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: Southwest’s flight disruptions are just the latest headache for airlines

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Southwest Airlines Co.’s weekend of canceled fights was made worse by the deep cuts the airline and others had to make on their flight schedules that are likely to add to the airline’s labor strains and costs.

Southwest
LUV,
-3.16%

canceled nearly 2,000 flights over the weekend with hundreds more delayed, leaving passengers stranded. The stock was down nearly 3% in midday trading Monday, compared with a flat U.S. Global Jets ETF
JETS,
-0.35%

and S&P 500 index
SPX,
-0.24%
.

Despite the stock losses, Wall Street seemed to view the weekend snags as having a limited impact on the stock and the company’s bottom line.

More worryingly, however, the cancellations “bring into question whether (Southwest) is operating too stretched a schedule, relative to its limited staffing levels,” Stephen Trent at Citi said in a note Monday.

Savanthi Syth at Raymond James said it would also add to Southwest’s unit cost pressure, and “may exacerbate strained labor union relations.”

The airline blamed the widespread cancelations on weather “challenges” in some of its Florida airports, compounded by “unexpected” air-traffic control issues in the same areas.

The FAA said Sunday on Twitter that no air traffic staffing shortages had been reported since Friday. Flight delays and cancellations did occur “for a few hours” on Friday afternoon and evening due “to widespread severe weather, military training, & limited staffing” in the Jacksonville, Fla., area, it said.

“Some airlines continue to experience scheduling challenges due to aircraft and crews being out of place,” the FAA said.

Other airlines, however, did not report problems as acute as Southwest’s, even those with several Florida hubs. The pilots’ union have said that the cancellations were not part of labor-related protests.

The situation was made worse because there were fewer flights available for rebooking.

Southwest in August said it would run fewer flights through the end of the year, apart from holiday windows, in a bid to match flights to demand and to its ability to operate and staff flights.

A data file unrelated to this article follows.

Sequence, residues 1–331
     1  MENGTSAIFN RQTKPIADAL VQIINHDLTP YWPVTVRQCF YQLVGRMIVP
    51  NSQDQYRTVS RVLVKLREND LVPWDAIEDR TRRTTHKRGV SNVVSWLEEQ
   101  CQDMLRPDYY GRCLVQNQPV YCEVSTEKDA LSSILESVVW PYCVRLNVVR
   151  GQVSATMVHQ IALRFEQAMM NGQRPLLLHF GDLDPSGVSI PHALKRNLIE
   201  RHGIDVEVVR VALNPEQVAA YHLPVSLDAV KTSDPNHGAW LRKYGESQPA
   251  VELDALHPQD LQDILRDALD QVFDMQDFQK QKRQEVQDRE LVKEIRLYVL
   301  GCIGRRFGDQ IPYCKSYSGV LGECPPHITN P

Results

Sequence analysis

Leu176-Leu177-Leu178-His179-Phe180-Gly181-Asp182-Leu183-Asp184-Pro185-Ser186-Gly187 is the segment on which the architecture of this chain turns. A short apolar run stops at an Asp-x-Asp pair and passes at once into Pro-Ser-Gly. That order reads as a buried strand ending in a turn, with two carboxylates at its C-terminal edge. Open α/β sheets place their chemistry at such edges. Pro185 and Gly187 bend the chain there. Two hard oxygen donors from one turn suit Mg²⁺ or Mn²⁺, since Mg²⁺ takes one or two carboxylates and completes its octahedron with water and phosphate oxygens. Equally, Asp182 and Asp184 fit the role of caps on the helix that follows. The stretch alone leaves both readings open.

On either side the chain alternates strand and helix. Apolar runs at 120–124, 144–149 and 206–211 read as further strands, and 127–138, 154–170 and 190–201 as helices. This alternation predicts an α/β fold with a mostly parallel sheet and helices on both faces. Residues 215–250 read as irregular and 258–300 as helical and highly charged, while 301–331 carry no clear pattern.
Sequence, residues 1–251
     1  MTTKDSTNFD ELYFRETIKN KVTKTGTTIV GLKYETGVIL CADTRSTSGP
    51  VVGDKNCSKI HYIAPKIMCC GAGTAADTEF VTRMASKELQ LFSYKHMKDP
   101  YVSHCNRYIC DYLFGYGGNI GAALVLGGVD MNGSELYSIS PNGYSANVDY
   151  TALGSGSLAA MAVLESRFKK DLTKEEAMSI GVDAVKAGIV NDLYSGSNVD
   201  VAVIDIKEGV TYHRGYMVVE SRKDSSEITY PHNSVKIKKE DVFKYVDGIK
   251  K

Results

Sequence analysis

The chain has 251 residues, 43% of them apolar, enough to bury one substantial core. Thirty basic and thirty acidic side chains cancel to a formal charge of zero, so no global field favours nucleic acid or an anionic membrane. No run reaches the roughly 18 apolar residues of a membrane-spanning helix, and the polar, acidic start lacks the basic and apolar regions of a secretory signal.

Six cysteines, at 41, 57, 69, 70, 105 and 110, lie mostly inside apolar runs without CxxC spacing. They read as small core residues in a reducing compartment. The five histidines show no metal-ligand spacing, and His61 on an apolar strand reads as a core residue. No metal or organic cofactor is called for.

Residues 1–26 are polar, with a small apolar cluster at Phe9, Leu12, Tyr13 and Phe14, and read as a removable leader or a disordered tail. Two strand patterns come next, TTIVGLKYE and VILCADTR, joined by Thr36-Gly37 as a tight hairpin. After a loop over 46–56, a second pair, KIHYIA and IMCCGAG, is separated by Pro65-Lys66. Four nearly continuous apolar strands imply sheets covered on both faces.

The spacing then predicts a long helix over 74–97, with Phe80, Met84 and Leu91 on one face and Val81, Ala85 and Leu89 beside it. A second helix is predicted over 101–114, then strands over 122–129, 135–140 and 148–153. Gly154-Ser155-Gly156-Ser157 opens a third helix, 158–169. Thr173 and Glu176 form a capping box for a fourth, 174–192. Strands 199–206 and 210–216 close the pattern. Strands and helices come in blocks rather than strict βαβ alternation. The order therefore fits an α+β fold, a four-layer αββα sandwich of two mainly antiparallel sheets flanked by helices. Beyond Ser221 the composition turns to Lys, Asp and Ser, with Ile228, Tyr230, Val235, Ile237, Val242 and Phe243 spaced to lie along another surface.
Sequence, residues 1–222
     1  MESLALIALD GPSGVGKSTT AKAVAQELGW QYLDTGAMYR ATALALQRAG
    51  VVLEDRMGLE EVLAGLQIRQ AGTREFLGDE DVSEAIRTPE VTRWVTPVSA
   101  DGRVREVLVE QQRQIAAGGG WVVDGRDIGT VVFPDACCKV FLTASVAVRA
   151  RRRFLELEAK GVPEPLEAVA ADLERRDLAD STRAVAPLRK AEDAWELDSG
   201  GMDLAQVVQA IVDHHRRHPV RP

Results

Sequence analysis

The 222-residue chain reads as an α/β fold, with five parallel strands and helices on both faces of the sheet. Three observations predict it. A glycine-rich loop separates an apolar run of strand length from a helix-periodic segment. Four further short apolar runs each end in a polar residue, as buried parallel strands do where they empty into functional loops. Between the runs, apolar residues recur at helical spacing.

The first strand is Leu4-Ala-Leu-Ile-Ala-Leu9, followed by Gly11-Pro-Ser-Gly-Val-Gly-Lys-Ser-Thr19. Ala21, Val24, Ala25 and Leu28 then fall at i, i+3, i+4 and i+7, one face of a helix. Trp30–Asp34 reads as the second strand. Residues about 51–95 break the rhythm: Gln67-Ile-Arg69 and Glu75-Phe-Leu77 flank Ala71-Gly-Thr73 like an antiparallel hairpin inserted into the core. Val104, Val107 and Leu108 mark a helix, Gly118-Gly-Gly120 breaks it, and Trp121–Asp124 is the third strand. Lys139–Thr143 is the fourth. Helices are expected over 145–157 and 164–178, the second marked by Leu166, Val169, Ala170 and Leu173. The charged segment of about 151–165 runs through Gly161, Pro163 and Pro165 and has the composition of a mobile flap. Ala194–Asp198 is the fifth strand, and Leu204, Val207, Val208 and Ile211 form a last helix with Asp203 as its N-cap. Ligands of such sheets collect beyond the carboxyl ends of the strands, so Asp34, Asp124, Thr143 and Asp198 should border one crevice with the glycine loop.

The company has made a push to hire more workers, offering referral bonuses for its employees and other incentives, with an eye on November and December holiday travel.

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Southwest was not alone in either strategy: Airlines cut capacity to stay afloat as bookings dried up during the pandemic and continue to be below 2019 bookings despite an uptick in the summer.

And new demands related to the pandemic, including more incidents involving unruly passengers, have led to overworked employees.

Earlier this month, IATA said it expects demand to reach 61% of 2019 levels in 2022 and remain at 40% this year. The airline industry worldwide is still looking at losses of $11.6 billion in 2022.

IATA also turned more pessimistic for this year, expecting losses of $$51.8 billion versus an estimate for $47.7 billion in losses estimated in April.

“The magnitude of the COVID-19 crisis for airlines is enormous. Over the 2020-2022 period total losses could top $200 billion,” IATA said. “To survive airlines have dramatically cut costs and adapted their business to whatever opportunities were available.”

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Bright spots include airlines’ air cargo business, and domestic travel is likely to near pre-crisis levels by next year, IATA said. International travel remains a “challenge.”

U.S. airlines, in particular, also have had to make do without a demand bump from business travel, historically a bridge between the end of the summer and the start of the holiday season.

With the continuing resurgence of COVID-19 cases and concerns about the delta variant, however, a resurgence in business travel is expected for the January conference season.

Shares of Southwest have gained nearly 12% so far this year, compared with advances of around 7% for the Jets ETF and of around 17% for the S&P.

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